Comet to pass Earth in close flyby tomorrow morning

If you missed today's comet flyby, don't fret — there will be a second one tomorrow morning, and it'll be even closer than today's (though there is no danger, NASA is sure to warn). This flyby will involve comet P/2016 BA14, and it'll pass by our planet at 2.2 million or so miles. While that's a great distance away, relatively speaking, it'll be the third closest comet flyby since 1983. Tomorrow's event follows this morning's flyby of comet 252P/LINEAR.

You'll have to get up somewhat early to witness the event, depending where you're located — the comet will flyby at about 7:30AM Pacific time/ 10:30AM EST. You won't be able to see it with the naked eye, though; says NASA, you're going to need a professional-grade and high-powered telescope to get a look. The requirement is due more to the comet's small size than the distance.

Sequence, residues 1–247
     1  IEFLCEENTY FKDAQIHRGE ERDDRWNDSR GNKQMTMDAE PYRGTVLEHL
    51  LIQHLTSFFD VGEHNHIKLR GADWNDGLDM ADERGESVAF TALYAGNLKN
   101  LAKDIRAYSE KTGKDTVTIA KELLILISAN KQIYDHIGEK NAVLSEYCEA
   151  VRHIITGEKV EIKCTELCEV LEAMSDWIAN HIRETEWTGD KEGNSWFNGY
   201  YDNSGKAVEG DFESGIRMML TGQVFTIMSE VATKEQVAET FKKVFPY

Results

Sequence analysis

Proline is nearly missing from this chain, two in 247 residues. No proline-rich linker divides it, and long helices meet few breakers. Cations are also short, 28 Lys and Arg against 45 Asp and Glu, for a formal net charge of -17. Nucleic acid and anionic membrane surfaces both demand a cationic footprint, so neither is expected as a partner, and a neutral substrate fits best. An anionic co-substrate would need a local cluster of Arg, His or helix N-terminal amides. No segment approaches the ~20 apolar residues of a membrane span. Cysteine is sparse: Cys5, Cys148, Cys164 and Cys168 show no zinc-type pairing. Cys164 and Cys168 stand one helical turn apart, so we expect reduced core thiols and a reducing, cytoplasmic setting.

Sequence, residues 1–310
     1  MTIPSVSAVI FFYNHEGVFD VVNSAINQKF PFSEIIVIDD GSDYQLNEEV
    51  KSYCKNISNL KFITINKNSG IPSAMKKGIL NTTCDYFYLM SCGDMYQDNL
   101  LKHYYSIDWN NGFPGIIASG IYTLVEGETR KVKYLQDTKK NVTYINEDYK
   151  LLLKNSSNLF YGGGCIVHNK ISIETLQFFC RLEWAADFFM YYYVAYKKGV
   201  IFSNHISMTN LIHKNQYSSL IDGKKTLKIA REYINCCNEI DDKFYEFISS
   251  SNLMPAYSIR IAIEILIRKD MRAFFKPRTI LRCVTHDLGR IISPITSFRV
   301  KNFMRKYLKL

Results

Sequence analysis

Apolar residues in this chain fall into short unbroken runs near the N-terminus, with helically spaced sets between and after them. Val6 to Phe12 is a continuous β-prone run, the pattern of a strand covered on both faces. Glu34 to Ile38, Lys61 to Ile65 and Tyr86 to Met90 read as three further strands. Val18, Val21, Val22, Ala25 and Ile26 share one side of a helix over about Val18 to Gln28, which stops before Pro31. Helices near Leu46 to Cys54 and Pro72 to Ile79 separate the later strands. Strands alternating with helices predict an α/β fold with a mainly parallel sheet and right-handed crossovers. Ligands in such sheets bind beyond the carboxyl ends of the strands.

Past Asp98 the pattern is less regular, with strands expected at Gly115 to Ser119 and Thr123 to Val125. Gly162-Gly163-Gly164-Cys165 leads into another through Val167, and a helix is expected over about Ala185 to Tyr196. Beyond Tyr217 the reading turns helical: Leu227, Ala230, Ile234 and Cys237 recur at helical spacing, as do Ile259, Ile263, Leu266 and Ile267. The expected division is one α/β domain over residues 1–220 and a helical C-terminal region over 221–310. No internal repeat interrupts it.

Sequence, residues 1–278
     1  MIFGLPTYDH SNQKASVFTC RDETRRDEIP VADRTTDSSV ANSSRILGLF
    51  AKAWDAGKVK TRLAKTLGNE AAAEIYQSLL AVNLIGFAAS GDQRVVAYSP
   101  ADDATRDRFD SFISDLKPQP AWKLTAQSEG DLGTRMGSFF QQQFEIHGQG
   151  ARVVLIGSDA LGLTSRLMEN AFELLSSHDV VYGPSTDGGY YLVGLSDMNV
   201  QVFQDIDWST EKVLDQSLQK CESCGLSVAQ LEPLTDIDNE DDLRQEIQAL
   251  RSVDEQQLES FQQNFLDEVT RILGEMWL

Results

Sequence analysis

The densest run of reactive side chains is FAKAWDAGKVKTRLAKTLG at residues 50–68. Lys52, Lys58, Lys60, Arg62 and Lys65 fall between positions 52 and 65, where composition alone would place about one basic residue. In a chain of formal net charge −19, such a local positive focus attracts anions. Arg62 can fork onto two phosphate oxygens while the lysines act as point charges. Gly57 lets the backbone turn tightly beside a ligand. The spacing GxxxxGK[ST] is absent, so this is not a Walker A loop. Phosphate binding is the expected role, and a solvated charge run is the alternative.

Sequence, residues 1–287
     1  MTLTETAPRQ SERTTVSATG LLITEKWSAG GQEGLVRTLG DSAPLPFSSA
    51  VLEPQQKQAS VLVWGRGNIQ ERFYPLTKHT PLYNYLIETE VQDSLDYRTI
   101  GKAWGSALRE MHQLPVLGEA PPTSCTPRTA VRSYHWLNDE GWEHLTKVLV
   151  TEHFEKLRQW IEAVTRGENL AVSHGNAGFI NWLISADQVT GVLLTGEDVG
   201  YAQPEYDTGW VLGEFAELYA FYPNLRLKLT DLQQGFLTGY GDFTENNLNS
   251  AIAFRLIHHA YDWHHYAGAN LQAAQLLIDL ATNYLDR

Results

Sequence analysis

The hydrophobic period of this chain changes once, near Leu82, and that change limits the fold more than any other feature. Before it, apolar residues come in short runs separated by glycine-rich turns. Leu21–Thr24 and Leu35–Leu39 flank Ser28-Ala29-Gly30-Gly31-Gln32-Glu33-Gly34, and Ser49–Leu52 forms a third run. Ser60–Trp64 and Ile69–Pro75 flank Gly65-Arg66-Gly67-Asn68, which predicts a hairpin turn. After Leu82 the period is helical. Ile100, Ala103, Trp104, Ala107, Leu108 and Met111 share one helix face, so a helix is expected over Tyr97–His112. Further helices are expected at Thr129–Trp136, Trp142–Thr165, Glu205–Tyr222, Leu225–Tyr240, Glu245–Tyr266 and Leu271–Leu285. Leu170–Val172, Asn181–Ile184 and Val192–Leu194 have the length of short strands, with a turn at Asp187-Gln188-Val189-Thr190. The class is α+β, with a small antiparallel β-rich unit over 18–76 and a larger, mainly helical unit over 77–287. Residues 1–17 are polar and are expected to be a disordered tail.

Tomorrow will be particularly notable, though, due to the rarity of the event. According to the space agency, the comet will be the closet to our planet for the next 150 years, at least, and gives researchers a brief "close up" opportunity to study the space rock.

Said NSA Center of NEO Studies manager Paul Chodas:

Comet P/2016 BA14 is possibly a fragment of 252P/LINEAR. The two could be related because their orbits are so remarkably similar. We know comets are relatively fragile things, as in 1993 when comet Shoemaker-Levy 9 was discovered and its pieces linked to a flyby of Jupiter. Perhaps during a previous pass through the inner-solar system, or during a distant flyby of Jupiter, a chunk that we now know of as BA14 might have broken off of 252P.